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Sierra Blanca

Nature

Location

Located in the south west quadrant of the province of Malaga, with a NE - SW direction between latitudes 36º 30´N - 36º 30 ´N and longitudes 4º 45´W - 4º 57´W, it has an extension of 6,508.07 hectares, being framed within the municipal areas of Ojén to the east, Monda to the north, Istán to the west and Marbella to the south.

Sierra Blanca was part of the Serranía de Ronda’s National Hunting Reserve, currently belonging to the Natura 2000 network. In 2015, Sierra Blanca was included in the ZEC (zone of special conservation) management plan with code (ES6170011). It contains an Andalusian Reference Centre for the mountain goats and the former palace of the Marquises of Larios, today called Juanar Refuge.

Sierra Blanca y Canucha is what the coastal Sierra is called Located in the Penibaetic System, was formed during the Triassic geological period. It is formed of limestone with a nucleus composed of alpujárride marble, with strong elevations that exceed 1,200 m.

The highest peak is located in Sierra Blanca, at the Cerro del Lastonar, which has an elevation above sea level of 1,279 m. It is followed by the Salto del Lobo with 1,229 m (1,206 m), the renowned Pico de la Concha with 1,215 m, and the Cruz de Juanar with 1184 m.

In Sierra Canucha its highest elevation is the Pico de los Castillejos, with a height of 1,232m, followed by los Cuchillos with different heights between 1,222m and 1,214m, and the Alto de Canucha with 1,146m.

Two important orographic accidents must be highlighted: one is the Llanos de Juanar (the olive grove) with an average height of around 850 m and the second is the Llanos de Puzla at an average height of 500 m. In the southern area of Sierra Blanca, the travertine pit de Puerto Rico, Los Monjes, Camojan and Nagueles also stand out with their forests.

Hydrography

This area stands out for its innumerable streams and fountains. In order of appearance: Arroyo del Cura, Arroyo Nagüeles, Arroyo de las Piedras, Arroyo Guadalpín, Arroyo Castaño, Manantial de Puerto Rico, Arroyo del Puerto, Arroyo de Tajo Negro, Fuente del Chorrillo, Manantial de Almadán, Arroyo Juanar, Fuente el Pozuelo, Arroyo Granadilla, Fuente de la Cierva, Arroyo del Alta, Arroyo de la Cañada del Infierno, Arroyo del Castaño, Arroyo Río Molino, Arroyo de García, Arroyo de Castillejos, Arroyo de Monchalban.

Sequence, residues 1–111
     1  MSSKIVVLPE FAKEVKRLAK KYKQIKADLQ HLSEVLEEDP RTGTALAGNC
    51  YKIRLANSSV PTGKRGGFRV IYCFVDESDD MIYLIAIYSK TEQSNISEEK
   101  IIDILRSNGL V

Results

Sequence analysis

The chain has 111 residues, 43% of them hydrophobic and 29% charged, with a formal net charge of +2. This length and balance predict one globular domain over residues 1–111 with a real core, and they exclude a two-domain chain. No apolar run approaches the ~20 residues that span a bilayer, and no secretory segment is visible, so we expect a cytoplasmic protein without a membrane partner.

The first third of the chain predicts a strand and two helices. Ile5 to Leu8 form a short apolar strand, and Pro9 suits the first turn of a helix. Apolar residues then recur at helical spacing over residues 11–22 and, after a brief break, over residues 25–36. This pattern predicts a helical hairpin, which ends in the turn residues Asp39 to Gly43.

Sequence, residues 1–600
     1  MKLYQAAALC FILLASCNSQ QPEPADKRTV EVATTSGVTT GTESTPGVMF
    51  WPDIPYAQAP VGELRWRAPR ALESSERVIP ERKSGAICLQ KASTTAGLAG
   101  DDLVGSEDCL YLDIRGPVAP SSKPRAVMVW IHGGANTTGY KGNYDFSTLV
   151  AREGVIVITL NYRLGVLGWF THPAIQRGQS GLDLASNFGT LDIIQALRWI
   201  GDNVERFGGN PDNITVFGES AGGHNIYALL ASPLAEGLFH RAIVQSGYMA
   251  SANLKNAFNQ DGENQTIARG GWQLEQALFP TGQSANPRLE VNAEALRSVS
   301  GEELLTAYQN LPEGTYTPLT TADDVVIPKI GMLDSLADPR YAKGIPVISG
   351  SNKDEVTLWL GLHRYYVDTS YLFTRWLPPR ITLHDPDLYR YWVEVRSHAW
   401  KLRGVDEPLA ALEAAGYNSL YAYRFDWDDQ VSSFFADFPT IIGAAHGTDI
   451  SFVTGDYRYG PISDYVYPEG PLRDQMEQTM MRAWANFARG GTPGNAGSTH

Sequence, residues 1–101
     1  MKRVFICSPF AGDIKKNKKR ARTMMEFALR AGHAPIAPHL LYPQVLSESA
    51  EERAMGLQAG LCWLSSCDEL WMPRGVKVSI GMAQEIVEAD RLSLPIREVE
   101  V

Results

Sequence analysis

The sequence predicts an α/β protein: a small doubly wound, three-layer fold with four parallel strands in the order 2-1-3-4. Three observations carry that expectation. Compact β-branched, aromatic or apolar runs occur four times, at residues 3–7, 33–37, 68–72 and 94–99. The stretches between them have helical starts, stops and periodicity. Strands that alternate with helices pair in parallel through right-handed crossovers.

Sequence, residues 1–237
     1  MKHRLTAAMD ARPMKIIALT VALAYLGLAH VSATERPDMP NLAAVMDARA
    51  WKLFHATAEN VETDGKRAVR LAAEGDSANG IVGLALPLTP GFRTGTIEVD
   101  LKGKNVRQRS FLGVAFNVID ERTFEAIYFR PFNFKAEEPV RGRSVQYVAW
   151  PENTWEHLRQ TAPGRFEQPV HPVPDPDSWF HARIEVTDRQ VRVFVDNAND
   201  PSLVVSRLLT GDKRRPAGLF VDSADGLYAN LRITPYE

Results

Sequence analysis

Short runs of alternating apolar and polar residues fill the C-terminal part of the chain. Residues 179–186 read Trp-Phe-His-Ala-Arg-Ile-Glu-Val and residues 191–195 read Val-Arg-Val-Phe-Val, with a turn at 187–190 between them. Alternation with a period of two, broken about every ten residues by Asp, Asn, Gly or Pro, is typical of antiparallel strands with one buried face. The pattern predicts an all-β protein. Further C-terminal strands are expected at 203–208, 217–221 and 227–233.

Climate and Temperature

This area stands out for its innumerable streams and fountains. In order of appearance: Arroyo del Cura, Arroyo Nagüeles, Arroyo de las Piedras, Arroyo Guadalpín, Arroyo Castaño, Manantial de Puerto Rico, Arroyo del Puerto, Arroyo de Tajo Negro, Fuente del Chorrillo, Manantial de Almadán, Arroyo Juanar, Fuente el Pozuelo, Arroyo Granadilla, Fuente de la Cierva, Arroyo del Alta, Arroyo de la Cañada del Infierno, Arroyo del Castaño, Arroyo Río Molino, Arroyo de García, Arroyo de Castillejos, Arroyo de Monchalban.

History

The first traces of human settlements in the shelters and caves of our Sierras date back to the Upper Paleolithic era, as evidenced by the different archaeological remains found in Puerto Rico, the Pecho Redondo cave, the Palomina cave and the Nagüeles cave. Remains from later times, such as the Neolithic period, also exist. Other Mediterranean peoples left their mark on the area, including the Phoenicians, Greeks, Romans, Arabs, and finally Christians.

Biodiversity

This area stands out for its innumerable streams and fountains. In order of appearance: Arroyo del Cura, Arroyo Nagüeles, Arroyo de las Piedras, Arroyo Guadalpín, Arroyo Castaño, Manantial de Puerto Rico, Arroyo del Puerto, Arroyo de Tajo Negro, Fuente del Chorrillo, Manantial de Almadán, Arroyo Juanar, Fuente el Pozuelo, Arroyo Granadilla, Fuente de la Cierva, Arroyo del Alta, Arroyo de la Cañada del Infierno, Arroyo del Castaño, Arroyo Río Molino, Arroyo de García, Arroyo de Castillejos, Arroyo de Monchalban.